Bone-Dry Running Tests Utilizing Diamond Like Carbon Coated Silicon Carbide Bearings And Polymer Lubricating Strips In An ANSI Magnetic Drive Pump
Dry run failures in sealless pumps continue to be of major concern to users and, in some cases, have precluded the purchase of these types of pumps. Users are demanding robust pump designs that are more tolerant of dry running caused by system upsets and occasional operator error. Although silicon carbide is the best material choice for product lubricated bearings during normal wet operation, it will quickly overheat and seize in a matter of seconds, if allowed to run dry. There are other bearing material choices available, such as carbon-graphite and various polymer materials that will permit some degree of short term dry running, but sacrifices must be made in wear resistance, chemical inertness, and/or load carrying capability. The purpose of this study is to investigate the bone-dry run performance of amorphous diamond-like carbon (ADLC) coated silicon carbide bearings both with and without Teflon lubricating strips. The test pump was a 1.5X1X6 ANSI magnetic drive pump fitted with a nonconductive containment shell and rated for 7.5 hp at 3600 rpm. Ten bearing configurations were tested, including repeatability tests, cycle tests, and tests with covered suction and discharge flanges to eliminate the effect of air cooling. A baseline test was conducted for silicon carbide without the ADLC coating or Teflon strips in order to determine survivability under bone-dry run conditions. Not surprisingly, this configuration seized in under five sec operation and sustained the most massive damage of all configurations tested. Results showed that the configuration with ADLC SiC(P) bearings and Teflon lubricating strips was superior to all configurations tested. During this test, the maximum bearing temperature leveled off at 139 degrees F after five hours of bone-dry run operation. This configuration had the longest operating time, lowest temperature rise, and least wear of all configurations tested. An examination showed that the SiC bearings had virtually no damage and it was expected that this configuration could have continued to run bone-dry for many more hours. The bearing configuration with ADLC SiC(P) without Teflon strips also performed well and had an average bone-dry run time of 142 min prior to reaching the 300 degree F bearing temperature limit previously set for terminating the test. Post-test bearing condition for this configuration was good with only light to moderate scoring evident. It was found through repeatability testing that the dry run performance of the ADLC coating SiC(P) bearings was reasonably consistent. Prior experience with this coating indicated that it had significantly contributed to a 62 percent reduction in failure rate, during a frequency of repair audit at a large German chemical plant.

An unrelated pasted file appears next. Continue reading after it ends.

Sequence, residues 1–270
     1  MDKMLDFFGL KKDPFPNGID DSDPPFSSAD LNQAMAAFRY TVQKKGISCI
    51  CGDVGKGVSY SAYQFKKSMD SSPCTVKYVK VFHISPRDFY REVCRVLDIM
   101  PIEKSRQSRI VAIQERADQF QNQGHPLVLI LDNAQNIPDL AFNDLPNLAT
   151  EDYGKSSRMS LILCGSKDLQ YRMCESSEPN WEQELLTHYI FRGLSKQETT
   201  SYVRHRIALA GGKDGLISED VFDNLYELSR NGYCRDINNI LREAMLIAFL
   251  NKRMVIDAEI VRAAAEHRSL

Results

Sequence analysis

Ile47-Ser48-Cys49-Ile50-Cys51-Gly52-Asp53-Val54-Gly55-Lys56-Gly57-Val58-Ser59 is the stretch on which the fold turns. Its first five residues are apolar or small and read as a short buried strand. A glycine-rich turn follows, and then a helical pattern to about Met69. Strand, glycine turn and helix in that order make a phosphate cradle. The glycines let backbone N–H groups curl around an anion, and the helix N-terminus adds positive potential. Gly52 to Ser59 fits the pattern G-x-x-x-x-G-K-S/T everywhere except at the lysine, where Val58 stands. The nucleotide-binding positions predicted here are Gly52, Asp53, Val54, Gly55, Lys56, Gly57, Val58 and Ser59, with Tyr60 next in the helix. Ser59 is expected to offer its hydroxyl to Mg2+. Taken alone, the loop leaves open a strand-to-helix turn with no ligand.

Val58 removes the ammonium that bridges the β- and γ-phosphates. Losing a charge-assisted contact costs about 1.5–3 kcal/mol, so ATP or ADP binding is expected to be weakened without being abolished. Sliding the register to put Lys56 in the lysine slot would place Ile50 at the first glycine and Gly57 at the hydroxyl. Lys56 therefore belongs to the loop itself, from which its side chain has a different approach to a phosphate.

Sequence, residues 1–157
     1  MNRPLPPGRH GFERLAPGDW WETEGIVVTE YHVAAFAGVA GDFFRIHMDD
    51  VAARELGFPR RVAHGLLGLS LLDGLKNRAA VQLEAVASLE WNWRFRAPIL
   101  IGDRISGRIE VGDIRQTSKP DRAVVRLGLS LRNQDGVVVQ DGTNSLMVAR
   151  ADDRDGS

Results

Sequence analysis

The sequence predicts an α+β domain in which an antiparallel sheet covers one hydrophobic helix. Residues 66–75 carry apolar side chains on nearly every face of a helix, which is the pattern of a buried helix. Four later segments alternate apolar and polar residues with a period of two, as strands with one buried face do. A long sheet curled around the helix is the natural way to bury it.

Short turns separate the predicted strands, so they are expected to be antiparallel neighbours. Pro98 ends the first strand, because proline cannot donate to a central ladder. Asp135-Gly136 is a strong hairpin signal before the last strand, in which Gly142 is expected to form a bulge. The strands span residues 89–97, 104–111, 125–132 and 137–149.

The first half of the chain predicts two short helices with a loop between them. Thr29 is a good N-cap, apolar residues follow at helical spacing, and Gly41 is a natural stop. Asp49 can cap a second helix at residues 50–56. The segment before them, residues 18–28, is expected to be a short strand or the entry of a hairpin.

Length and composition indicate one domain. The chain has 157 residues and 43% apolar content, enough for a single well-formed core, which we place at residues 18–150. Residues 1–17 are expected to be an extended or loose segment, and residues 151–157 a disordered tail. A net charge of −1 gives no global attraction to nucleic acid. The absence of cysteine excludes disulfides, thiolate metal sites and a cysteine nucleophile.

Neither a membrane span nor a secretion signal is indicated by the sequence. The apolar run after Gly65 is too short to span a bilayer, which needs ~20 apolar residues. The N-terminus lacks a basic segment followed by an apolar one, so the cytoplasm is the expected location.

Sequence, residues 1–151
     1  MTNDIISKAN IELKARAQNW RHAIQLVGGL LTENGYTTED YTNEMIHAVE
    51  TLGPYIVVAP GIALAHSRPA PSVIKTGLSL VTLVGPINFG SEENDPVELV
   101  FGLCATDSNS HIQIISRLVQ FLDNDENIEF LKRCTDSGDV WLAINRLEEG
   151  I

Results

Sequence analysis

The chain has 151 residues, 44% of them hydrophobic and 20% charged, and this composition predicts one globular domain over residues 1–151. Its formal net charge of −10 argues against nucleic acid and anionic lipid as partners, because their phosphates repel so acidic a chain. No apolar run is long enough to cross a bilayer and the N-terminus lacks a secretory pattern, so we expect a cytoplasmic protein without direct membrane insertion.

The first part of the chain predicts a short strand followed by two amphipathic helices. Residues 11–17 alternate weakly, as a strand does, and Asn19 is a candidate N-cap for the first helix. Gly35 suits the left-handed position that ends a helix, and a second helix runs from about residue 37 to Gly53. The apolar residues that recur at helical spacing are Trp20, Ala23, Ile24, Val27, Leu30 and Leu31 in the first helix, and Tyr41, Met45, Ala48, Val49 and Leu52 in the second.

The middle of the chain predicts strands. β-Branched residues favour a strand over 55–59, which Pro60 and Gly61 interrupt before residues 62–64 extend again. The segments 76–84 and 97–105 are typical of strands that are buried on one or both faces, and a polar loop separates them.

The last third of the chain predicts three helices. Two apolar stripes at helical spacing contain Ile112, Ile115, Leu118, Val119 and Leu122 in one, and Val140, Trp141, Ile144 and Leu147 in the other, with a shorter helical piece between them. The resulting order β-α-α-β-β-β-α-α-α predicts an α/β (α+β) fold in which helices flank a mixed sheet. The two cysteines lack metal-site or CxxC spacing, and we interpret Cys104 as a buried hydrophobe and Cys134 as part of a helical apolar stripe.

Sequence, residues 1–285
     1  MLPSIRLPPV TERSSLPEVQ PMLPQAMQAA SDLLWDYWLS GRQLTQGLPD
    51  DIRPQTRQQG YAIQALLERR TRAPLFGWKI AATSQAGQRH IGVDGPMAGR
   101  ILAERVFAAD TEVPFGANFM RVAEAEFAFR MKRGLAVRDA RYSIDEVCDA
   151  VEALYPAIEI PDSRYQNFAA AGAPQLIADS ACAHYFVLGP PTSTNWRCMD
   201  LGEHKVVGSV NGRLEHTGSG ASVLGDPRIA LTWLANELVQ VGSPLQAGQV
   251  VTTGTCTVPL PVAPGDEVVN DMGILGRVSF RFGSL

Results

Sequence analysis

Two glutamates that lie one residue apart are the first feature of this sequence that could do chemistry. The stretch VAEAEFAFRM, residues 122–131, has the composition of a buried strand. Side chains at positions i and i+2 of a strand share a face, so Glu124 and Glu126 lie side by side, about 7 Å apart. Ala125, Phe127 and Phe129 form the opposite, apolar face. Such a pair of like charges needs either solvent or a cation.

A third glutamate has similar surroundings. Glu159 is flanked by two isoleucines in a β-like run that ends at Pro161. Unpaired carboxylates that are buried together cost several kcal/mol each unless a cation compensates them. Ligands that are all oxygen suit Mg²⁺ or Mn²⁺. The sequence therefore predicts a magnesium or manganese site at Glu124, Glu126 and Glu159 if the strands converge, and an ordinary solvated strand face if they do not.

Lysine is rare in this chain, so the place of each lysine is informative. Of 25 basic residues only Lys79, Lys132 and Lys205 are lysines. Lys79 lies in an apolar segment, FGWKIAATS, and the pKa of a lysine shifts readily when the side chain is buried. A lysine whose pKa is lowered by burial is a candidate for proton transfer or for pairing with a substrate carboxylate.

Stavale, Anthony E. (1997). Bone-Dry Running Tests Utilizing Diamond Like Carbon Coated Silicon Carbide Bearings And Polymer Lubricating Strips In An ANSI Magnetic Drive Pump. Texas A&M University. Turbomachinery Laboratories. Available electronically from